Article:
New MRI research demonstrates that acupuncture “induce(s) different cerebral glucose metabolism changes in pain-related brain regions and reduce(s) intensity of pain” for patients with migraines. In this randomized-controlled study using PET-CT neuroimaging (positron emission tomography - computed tomography), acupuncture was shown to be effective for migraine pain reduction and acupuncture raised glycometabolism in the middle temporal cortex, orbital front cortex, middle frontal gyrus, angular gyrus, post cingulate cortex, the precuneus and the middle cingulate cortex. Acupuncture simultaneously lowered glycometabolism in the parahippocampus, hippocampus, fusiform, postcentral gyrus, and the cerebellum in migraine patients. The study also showed that the choice of acupuncture points used determined the changes in brain glycometabolism. The researchers note that this measurable phenomenon indicates acupuncture point specificity; specific acupuncture points have specific effects.
Subjects with migraines were separated into three groups: traditional acupuncture group (TAG), controlled acupuncture group (CAG), non-intervention group. The TAG group received acupuncture stimulation at TB5 (Waiguan), GB34 (Yanglingquan) and GB20 (Fengchi). The CAG group received acupuncture at St8 (Touwei), LI6 (Pianli) and St36 (Zusanli). The non-intervention group did not receive treatment.
The TAG group was more effective than the other groups at reducing pain due to migraines. Additionally, the glycometabolism was higher in the TAG group than in the non-intervention group in the middle temporal cortex, orbital frontal cortex, middle frontal gyrus, angular gyrus, post cingulate cortex, precuneus, and the middle cingulate cortex. The TAG group decreased glycometabolism in the parahippocampus, hippocampus, fusiform, postcentral gyrus and cerebellum more than in the non-intervention group. The CAG group more greatly increased glycometabolism in the middle temporal cortex, supratemporal gyrus, supramarginal gyrus and the middle cingulate cortex than was measured in the non-intervention group. The CAG group decreased glycometabolism more greatly than the non-intervention group in the cerebellum.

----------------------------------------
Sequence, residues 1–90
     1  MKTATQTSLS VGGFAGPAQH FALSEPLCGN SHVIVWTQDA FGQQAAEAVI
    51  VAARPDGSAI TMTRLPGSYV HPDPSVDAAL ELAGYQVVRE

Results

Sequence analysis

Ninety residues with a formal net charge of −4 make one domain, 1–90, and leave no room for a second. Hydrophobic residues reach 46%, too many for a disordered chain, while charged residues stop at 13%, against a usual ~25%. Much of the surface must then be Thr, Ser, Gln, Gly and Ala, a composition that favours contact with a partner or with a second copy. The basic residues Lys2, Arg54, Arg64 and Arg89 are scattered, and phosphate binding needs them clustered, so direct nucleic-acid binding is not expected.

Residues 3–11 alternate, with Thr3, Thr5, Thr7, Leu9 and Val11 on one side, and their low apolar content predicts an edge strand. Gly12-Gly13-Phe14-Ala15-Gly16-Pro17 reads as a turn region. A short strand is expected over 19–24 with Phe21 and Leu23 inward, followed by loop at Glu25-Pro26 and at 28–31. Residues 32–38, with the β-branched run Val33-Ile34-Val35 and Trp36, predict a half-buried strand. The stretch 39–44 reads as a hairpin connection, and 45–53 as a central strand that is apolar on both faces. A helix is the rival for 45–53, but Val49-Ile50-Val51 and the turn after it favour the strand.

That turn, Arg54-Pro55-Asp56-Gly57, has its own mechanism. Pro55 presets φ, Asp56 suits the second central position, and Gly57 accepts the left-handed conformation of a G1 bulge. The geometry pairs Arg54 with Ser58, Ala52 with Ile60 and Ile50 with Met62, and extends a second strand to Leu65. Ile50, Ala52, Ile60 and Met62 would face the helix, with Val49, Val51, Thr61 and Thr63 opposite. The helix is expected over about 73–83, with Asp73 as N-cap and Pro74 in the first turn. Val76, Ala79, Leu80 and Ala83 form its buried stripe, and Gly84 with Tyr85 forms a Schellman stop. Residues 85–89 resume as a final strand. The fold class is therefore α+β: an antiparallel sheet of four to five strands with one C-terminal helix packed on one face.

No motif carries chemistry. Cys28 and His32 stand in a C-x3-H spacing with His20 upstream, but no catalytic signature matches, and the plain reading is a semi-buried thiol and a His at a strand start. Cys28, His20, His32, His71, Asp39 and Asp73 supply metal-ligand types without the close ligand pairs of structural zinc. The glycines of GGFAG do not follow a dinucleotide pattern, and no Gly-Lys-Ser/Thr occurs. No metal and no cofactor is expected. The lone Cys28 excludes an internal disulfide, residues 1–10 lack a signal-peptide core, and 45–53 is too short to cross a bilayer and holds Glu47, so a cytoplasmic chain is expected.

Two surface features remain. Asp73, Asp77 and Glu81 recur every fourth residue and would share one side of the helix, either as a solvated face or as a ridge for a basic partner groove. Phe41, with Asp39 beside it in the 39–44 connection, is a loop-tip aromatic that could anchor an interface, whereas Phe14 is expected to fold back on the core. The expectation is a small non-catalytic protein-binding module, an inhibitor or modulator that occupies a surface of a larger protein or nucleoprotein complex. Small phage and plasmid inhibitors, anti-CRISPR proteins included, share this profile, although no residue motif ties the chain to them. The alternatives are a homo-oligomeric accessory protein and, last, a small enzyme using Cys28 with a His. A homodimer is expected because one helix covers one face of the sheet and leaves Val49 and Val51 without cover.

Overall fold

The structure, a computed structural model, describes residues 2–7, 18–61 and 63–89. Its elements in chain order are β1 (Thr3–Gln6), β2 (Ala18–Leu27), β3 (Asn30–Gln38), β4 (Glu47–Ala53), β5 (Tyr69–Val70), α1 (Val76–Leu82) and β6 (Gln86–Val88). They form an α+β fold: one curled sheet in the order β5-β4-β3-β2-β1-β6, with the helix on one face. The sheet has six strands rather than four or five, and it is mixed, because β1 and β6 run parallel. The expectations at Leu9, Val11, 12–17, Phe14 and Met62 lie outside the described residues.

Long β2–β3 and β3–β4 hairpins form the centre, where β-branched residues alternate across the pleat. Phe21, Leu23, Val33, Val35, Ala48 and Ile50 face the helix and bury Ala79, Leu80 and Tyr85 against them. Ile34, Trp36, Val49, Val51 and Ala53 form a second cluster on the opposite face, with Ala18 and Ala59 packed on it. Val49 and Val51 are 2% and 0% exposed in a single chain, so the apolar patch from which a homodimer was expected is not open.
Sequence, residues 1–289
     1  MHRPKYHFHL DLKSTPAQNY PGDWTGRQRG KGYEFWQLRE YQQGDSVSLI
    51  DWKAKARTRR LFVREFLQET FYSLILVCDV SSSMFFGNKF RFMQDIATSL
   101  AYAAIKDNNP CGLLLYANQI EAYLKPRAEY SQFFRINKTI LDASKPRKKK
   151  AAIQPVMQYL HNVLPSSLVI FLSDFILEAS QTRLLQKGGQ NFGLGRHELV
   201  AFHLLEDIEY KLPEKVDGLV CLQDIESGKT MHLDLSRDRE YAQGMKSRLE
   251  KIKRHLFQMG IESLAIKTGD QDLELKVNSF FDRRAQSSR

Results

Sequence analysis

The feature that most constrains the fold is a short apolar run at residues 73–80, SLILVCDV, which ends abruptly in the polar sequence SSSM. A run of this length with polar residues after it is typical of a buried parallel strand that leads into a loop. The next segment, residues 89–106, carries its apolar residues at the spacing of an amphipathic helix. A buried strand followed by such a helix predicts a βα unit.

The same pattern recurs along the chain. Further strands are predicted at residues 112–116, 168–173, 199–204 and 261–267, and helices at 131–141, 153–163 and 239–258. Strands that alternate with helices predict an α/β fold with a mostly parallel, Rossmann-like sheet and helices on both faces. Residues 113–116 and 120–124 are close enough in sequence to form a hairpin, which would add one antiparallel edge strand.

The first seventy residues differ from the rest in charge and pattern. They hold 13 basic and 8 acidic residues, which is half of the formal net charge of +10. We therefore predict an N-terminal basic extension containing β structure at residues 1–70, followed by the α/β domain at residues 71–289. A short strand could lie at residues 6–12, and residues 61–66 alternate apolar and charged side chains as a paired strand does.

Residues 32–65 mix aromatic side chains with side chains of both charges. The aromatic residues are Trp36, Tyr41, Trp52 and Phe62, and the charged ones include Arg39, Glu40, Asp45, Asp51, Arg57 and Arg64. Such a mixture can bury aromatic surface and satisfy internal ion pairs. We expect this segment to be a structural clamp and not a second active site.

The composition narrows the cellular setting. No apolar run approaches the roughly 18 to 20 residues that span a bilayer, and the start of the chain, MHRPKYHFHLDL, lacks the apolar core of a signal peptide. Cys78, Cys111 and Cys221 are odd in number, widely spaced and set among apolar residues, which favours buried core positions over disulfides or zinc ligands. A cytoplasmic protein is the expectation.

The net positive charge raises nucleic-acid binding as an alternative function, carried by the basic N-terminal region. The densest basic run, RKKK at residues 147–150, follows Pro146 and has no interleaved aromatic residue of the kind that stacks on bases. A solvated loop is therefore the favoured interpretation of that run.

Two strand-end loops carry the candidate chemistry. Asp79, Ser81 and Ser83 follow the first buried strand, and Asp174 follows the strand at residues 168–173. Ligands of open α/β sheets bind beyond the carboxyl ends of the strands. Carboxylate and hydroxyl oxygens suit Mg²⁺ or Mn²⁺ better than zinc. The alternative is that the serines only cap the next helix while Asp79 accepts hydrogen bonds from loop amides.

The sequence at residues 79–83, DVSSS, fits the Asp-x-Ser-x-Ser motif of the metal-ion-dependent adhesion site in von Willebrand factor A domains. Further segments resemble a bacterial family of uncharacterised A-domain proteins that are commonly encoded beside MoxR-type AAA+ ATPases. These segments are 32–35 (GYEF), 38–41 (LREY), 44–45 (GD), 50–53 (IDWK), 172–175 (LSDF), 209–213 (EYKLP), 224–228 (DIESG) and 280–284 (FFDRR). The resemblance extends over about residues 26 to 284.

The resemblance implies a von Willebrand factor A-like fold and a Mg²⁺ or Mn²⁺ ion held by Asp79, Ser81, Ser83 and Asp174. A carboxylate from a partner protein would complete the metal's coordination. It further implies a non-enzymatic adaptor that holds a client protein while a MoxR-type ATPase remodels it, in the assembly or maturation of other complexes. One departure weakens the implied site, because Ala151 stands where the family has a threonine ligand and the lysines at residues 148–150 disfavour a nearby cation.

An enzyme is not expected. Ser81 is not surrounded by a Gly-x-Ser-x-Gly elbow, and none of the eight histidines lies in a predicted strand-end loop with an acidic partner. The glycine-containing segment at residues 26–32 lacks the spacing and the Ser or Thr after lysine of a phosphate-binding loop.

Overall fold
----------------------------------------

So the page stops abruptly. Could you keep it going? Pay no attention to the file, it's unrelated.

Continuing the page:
Similar conclusions were reached in another recent study conducted by researchers at the University of California, School of Medicine in Irvine, California. The researchers concluded, “Recent evidence shows that stimulation of different points on the body causes distinct responses in hemodynamic, fMRI and central neural electrophysiological responses.” The investigators reviewed MRI results and noted that “stimulation of different sets of acupoints leads to disease-specific neuronal responses, even when acupoints are located within the same spinal segment.”
I) A PET-CT study on specificity of acupoints through acupuncture treatment on migraine patients. Jie Yang1, Fang Zeng1, Yue Feng1,Li Fang1, Wei Qin2, Xuguang Liu1, Wenzhong Song3, Hongjun Xie3 , Ji Chen1, Fanrong Liang1.
1 Acupuncture and Tuina School, Chengdu University of Traditional Chinese Medicine, Chengdu 610075, China.
2 Life Science Research Center, School of Life Science and Technology, Xidian University, Xi’an, Shaanxi, China.
3 PET-CT center, Sichuan Provincial People’s Hospital, Chengdu, China.
II) Point specificity in acupuncture. Chinese Medicine 2012, 7:4 doi:10.1186/1749-8546-7-4. Emma M Choi, Fang Jiang, John C Longhurst. Susan Samueli Center for Integrative Medicine, Department of Medicine, School of Medicine, University of California, Irvine CA. Medical Science, School of Medicine, University of California, Irvine. Medical Science, School of Medicine, University of California, Irvine, CA.